End result: Lexa got the same treatment as Tara from Buffy. Meaning she died an utterly pointless ‘accidental’ death by bullet. It was ridiculous. She deserved to go out at the head of an army. And those young fans (who had been baited extensively) were devastated.
Show runner Jason Rothenberg spent weeks launching ever-more embarrassing ‘apologies’, until he was finally put out of his misery, and out of the spotlight this week, by an even dumber show death. But we’ll get to that. I highly recommend Mo Ryan’s coverage of how the whole thing played out.
I quit watching the show.
2. Denise, The Walking Dead
It would be disingenuous of me to pretend I know this character’s last name, because I don’t. However, I have been a fan of actress Merritt Wever ever since she first appeared on my screen in Nurse Jackie many, many years ago. If you follow me on twitter, and my statistics indicate you probably don’t, you know I don’t take The Walking Dead very seriously. Definitely not as seriously as the rest of America. It’s not just that I’m a vampire girl rather than a zombie girl; it’s the way they play out the same plot over and over and over. I also lack the attention span for fifteen-minute battle sequences. But I watch it at about a 25% attention level, skipping through the big action set pieces and using Wikipedia to find out who died afterwards, and mostly checking out what Carol’s up to. And what stupid things Camp Dinner Bell will do this week.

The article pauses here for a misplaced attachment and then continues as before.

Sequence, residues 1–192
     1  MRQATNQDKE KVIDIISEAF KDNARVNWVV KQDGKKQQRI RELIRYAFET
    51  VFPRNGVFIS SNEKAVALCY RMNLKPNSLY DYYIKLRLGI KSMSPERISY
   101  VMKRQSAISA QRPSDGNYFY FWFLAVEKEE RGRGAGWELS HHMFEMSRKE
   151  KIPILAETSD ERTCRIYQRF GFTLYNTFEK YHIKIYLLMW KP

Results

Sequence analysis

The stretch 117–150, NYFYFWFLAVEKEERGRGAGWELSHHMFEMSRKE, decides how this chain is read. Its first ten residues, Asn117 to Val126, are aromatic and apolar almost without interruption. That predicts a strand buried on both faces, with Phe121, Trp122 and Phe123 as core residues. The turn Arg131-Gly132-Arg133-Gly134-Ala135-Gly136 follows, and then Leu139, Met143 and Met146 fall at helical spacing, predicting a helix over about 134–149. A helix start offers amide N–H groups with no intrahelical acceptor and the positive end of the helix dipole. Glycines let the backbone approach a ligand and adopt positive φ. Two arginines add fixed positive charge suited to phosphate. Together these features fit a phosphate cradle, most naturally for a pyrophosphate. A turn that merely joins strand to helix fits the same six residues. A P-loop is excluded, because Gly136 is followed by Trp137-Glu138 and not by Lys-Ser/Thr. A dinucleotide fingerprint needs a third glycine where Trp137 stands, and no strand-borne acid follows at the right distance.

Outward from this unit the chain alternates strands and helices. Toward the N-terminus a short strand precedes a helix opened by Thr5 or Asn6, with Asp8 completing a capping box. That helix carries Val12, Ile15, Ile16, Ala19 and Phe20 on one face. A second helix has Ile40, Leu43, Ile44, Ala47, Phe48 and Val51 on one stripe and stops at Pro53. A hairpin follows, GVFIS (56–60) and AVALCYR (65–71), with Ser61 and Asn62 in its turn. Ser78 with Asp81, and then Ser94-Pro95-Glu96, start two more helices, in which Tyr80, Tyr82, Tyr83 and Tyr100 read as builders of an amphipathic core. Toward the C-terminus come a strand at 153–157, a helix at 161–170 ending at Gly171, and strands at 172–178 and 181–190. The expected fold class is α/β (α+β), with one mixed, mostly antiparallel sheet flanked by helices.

All this said, I was stoked to see Merritt Wever join the cast of such a massively successful show, even though I knew everyone on that show, save a few characters, had a built-in expiration date. And I was pleased to see she’d lived into this recent half-season. I never skipped through her scenes. That meant that when she started having a moment of self-revelation on a recent episode, I immediately knew her clock had run out. And so it had. I know TWD is an ‘anyone can die’ show, but seeing another lesbian character killed off so quickly after Lexa–in yet another stupid, accidental death–was a bummer.